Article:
Best Ohio LGBT Discrimination Attorney Answer: Are transgender employees protected by federal anti-discrimination laws? Can my employer dictate which bathroom transgender employees can use? Can an employer force transgender employees to use single occupancy bathrooms?
So, several states filed suit against the federal government of transgender bathroom policies today. (See Eleven States Sue Obama Administration Over Transgender Bathroom Policy.)
Perhaps no area of the law is changing as rapidly as lesbian, gay, bisexual, and transsexual (LGBT) employment law. Our employment attorneys frequently write about the evolving landscape of LGBT employment rights (Can I Be Fired For Marrying A Person Of The Same Sex?; Can I Be Fired Because My Boss Doesn’t Think I’m Feminine Enough?; Can My Church Refuse To Hire Gay Cooks?).
Title VII of the Civil Rights Act of 1964 and Ohio Revised Code § 4112 both prohibit employers from refusing to hire, terminating, or otherwise discriminating against an employee or applicant on the basis of that individual’s sex. To date, however, sexual orientation is not a protected class under either Title VII, nor Ohio case law.
Transgender rights in employment law have progressed a little further and faster than gay, bisexual, and lesbian rights. In Macy v. Dep’t of Justice, the Equal Employment Opportunity Commission ruled that intentional discrimination against a transgender employee because of the individual’s gender identity is, by definition, discrimination based on sex and therefore contrary to Title VII. Macy draws on the Supreme Court’s decision in Price Waterhouse v. Hopkins, which stands for the proposition that treating an employee differently because that employee does not conform to traditional gender norms is unlawful.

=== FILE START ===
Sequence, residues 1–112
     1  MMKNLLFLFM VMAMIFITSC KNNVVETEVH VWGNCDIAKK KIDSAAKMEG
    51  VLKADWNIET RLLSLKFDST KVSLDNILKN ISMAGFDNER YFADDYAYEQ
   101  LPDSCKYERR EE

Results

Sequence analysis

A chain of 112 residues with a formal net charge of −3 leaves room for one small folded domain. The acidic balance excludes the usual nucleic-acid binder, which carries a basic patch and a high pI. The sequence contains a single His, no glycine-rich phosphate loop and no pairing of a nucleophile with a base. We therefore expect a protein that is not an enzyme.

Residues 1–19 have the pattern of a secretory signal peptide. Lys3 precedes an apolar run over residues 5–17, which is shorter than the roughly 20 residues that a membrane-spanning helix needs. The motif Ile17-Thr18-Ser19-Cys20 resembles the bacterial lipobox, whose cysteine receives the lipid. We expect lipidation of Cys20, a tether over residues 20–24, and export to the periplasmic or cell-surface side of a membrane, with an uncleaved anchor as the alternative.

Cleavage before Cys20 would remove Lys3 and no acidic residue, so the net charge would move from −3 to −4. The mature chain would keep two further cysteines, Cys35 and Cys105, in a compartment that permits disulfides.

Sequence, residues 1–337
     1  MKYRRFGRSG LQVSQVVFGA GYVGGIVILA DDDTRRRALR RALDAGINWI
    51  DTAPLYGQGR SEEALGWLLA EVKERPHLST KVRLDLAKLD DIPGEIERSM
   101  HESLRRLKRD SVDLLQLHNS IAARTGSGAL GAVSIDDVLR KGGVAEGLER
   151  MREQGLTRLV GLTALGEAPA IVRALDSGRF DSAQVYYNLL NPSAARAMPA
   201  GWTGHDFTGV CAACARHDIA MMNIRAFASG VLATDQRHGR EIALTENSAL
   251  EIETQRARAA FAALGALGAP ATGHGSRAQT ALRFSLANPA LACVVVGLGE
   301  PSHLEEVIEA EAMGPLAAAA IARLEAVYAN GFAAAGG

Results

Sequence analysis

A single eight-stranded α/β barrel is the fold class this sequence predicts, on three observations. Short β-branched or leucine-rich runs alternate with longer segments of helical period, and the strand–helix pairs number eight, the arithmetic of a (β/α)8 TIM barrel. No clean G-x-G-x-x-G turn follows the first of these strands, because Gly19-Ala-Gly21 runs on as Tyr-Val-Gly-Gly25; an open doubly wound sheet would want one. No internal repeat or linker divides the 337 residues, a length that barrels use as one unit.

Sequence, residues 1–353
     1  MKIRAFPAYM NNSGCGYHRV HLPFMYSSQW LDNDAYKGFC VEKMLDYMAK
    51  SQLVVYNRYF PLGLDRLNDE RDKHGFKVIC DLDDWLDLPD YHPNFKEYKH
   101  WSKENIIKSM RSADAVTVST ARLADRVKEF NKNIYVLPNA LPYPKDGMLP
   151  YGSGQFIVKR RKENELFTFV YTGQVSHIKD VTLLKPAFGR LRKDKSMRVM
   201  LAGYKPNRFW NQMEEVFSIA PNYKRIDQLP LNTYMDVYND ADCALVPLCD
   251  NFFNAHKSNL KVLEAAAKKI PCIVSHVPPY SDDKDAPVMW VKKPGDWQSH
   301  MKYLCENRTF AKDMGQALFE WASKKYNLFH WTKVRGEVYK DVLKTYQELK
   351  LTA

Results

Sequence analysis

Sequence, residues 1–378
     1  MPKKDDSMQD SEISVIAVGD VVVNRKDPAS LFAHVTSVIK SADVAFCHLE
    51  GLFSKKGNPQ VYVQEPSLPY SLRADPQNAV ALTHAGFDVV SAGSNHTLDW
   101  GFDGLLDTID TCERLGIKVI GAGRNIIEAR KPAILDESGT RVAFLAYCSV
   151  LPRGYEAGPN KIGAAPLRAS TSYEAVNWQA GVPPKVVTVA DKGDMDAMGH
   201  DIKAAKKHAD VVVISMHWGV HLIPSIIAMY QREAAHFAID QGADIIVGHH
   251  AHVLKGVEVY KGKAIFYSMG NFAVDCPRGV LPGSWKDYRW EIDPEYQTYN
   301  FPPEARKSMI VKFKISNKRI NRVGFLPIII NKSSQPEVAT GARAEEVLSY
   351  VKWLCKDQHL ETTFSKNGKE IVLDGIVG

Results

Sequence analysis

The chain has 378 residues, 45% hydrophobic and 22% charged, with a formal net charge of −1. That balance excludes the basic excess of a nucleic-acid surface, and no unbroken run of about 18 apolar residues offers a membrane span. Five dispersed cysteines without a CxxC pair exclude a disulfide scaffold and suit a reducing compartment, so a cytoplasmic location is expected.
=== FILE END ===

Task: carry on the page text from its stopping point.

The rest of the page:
As we blogged about in March, the EEOC has recently filed a number of lawsuits in an effort to keep pushing LGBT employment rights into the 21st century (Can I Be Fired Because I’m Gay Or Lesbian?). Now, in response to discriminatory laws passed by narrow-minded hillbillies in North Carolina and Mississippi, the EEOC has issued a fact sheet titled “Bathroom Access Rights for Transgender Employees Under Title VII.” In the factsheet, the EEOC states that an employer may not restrict a transgender employee to the bathroom labeled consistently with the employee’s birth gender and an employer may not require transgender employees to use only single occupancy bathrooms.
The factsheet is aimed specifically at bathroom access but also reiterates the EEOC’s general position that transgender is a protected class and discriminating against any employee because of that employee’s gender is contrary to Title VII.
According to the factsheet, the term “transgender” should be applied to any employee whose gender identity or expression differs from the sex assigned to the individual at birth. To qualify for Title VII’s protections, an individual need not undergo any medical procedure. Additionally, while not stated in the factsheet, the EEOC takes the position that a transgender employee does not need to provide proof of a name change. Instead, the EEOC recognizes an employee is transgender as long as he, she, they (or other any other preferred personal pronoun) consistently presents as a gender different from the gender assigned at birth.
The fact sheet goes on to state that gender-based stereotypes, perceptions, or comfort level must not interfere with the ability of a transgender employee to work free from discrimination, including harassment. In short, an employer may not discriminate against a transgender employee simply because other employees are uncomfortable. Importantly, and as a direct rejoinder to North Carolina and Mississippi, the EEOC states that (1) contrary state law is no defense to a Title VII violation and (2) Title VII addresses conduct in the workplace, not personal beliefs.
LGBT rights in the workplace continue to grow and we are definitely headed in the right direction, albeit at perhaps too slow a pace. If you are a gay, lesbian, bi-sexual, transgender, or gender fluid employee and feel that you’ve been discriminated against, the employment discrimination attorneys at The Spitz Law Firm are actively pursuing LGBT claims and would like to hear from you. Even if you are not sure about your discrimination claim, you should call the right attorney as quickly as possible to schedule a free and confidential consultation at 866-797-6040.
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